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I am attempting to get django working using pypy. I have everything setup and working great under python2.7 and python3.2 is not installed. I then installed pypy and attempted to run django:

Traceback (most recent call last):
  File "app_main.py", line 51, in run_toplevel
  File "manage.py", line 8, in <module>
    from django.core.management import execute_from_command_line
ImportError: No module named django

I noticed that pypy created its own site-packages folder, so I removed that and made a symlink to the site-packages folder in my python2.7 installation. This made no change. I have also noticed that it is not just a django problem, any pip installed package doesn't work.

python2.7 path:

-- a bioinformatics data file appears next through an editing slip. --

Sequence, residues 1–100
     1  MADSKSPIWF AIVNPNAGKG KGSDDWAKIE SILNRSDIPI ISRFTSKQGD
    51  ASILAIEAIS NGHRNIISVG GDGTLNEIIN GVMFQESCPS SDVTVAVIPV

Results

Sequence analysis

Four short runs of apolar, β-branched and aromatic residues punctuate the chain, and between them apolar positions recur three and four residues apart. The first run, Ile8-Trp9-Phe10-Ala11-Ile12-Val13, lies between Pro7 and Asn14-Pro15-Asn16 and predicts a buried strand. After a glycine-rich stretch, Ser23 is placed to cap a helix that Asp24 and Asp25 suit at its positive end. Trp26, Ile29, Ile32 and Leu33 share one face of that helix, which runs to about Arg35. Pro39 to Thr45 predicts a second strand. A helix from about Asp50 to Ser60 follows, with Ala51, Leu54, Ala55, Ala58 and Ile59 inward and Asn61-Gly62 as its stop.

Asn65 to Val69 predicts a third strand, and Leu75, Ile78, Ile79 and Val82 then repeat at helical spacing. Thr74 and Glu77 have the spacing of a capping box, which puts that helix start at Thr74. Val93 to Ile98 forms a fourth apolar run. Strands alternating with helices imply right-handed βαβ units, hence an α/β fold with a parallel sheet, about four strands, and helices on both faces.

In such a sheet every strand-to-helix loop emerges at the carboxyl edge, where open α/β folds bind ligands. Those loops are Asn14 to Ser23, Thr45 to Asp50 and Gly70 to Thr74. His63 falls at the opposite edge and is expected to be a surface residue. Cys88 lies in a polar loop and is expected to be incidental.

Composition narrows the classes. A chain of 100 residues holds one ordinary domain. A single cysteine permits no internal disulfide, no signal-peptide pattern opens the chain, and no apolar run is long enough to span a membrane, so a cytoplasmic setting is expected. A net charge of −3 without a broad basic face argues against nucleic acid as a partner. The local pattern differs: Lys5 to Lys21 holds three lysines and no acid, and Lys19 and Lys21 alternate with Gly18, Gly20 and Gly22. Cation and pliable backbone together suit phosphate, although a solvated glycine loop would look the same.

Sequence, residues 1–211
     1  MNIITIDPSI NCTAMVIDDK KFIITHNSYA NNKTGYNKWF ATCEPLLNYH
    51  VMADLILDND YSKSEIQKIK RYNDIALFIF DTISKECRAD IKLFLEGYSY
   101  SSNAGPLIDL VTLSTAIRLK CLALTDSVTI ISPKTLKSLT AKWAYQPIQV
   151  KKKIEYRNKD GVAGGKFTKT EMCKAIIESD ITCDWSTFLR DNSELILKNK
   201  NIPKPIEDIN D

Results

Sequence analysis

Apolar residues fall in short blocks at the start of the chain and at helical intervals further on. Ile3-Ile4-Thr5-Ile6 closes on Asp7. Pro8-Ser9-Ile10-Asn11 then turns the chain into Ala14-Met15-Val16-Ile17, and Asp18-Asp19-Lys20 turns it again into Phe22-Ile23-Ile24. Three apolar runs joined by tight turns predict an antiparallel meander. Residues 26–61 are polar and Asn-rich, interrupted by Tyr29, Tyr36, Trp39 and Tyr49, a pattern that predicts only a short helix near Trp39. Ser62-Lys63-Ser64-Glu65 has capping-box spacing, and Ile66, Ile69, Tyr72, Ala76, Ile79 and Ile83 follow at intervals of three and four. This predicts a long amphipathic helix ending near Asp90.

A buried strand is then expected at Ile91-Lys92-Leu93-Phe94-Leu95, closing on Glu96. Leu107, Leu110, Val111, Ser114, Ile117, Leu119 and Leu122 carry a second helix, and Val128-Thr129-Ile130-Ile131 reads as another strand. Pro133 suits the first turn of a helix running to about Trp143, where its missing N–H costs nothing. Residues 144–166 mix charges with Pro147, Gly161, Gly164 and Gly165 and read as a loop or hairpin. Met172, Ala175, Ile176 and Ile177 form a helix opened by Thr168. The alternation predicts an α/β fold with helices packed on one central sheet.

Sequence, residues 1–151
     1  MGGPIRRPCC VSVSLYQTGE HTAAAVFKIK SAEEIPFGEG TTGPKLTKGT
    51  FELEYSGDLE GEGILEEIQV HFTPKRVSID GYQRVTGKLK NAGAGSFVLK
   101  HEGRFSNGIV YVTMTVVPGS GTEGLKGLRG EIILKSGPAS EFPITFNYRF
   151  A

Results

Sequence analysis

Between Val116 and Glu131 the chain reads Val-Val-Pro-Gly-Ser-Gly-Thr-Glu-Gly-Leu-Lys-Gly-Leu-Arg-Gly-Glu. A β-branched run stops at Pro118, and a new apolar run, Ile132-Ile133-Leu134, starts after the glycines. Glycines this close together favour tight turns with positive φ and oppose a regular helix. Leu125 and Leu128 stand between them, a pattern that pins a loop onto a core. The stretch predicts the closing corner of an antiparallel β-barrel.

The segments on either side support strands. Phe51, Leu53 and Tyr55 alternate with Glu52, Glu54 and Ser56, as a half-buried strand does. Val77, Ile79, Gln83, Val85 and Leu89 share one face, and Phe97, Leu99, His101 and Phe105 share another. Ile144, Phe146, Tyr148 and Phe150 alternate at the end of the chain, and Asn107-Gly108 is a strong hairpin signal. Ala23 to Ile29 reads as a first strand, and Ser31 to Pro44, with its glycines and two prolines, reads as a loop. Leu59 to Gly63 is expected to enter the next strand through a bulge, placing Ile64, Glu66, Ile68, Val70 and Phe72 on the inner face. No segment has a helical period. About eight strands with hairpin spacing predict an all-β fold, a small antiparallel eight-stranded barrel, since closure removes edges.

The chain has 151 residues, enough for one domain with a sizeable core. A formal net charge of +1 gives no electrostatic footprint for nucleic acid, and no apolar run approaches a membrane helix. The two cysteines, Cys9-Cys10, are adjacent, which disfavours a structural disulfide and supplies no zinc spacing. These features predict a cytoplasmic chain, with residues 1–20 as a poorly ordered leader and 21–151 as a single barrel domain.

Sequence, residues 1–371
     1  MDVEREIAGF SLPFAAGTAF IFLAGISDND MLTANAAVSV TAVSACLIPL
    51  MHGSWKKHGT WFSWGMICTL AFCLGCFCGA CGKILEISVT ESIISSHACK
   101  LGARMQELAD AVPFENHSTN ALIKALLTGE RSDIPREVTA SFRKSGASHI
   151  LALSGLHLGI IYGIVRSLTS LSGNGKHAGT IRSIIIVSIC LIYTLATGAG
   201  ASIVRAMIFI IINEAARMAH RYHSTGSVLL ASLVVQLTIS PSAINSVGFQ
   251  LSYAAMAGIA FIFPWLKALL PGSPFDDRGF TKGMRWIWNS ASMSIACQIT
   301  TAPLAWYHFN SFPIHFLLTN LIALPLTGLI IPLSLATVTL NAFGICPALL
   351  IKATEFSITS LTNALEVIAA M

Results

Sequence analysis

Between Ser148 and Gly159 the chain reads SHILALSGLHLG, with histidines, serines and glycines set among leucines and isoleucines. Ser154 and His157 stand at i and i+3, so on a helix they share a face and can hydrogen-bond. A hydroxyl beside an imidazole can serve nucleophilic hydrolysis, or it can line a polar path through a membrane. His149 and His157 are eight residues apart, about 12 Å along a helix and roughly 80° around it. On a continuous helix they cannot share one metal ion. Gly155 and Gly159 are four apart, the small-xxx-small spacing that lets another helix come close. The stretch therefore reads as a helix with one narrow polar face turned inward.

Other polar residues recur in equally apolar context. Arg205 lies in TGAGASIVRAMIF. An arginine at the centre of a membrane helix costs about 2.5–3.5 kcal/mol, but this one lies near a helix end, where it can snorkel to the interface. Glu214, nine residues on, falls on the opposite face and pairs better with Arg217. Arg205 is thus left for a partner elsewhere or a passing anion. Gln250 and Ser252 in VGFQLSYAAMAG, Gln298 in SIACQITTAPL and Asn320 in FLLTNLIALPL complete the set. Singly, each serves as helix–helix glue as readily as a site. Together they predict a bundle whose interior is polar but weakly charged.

['', '/usr/lib/python27.zip', 

pypy path

['', '/opt/pypy/lib_pypy/__extensions__',

Does anyone have any experience with this? Are symlinks allowed in this situation? If not is there something else that is used instead? I also attempted just copying the django folder into the site-packages folder before deleting it but had no success with that either. Thanks

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1 Answer 1

up vote 3 down vote accepted

You really want to create a standalone environment for your web app. I suggest using buildout or virtualenv. Managing system site-packages will bite you everytime.

Good luck!

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Will using virtualenv require reinstalling everything from scratch, or does it see what I have already and do the setup for me? –  tgrosinger Jul 17 '12 at 14:23
I personally use buildout. You can tell buildout to use packages from the system site-packages directory if available, or to ignore all system site-packages. I believe virtualenv can do the same. Doing so kinda misses the whole point though I believe -- it is best to assume you get nothing from the host system. That will make deployment easier. –  Erik Jul 17 '12 at 14:29
Okay, I will give that a try. Thank you –  tgrosinger Jul 17 '12 at 15:26

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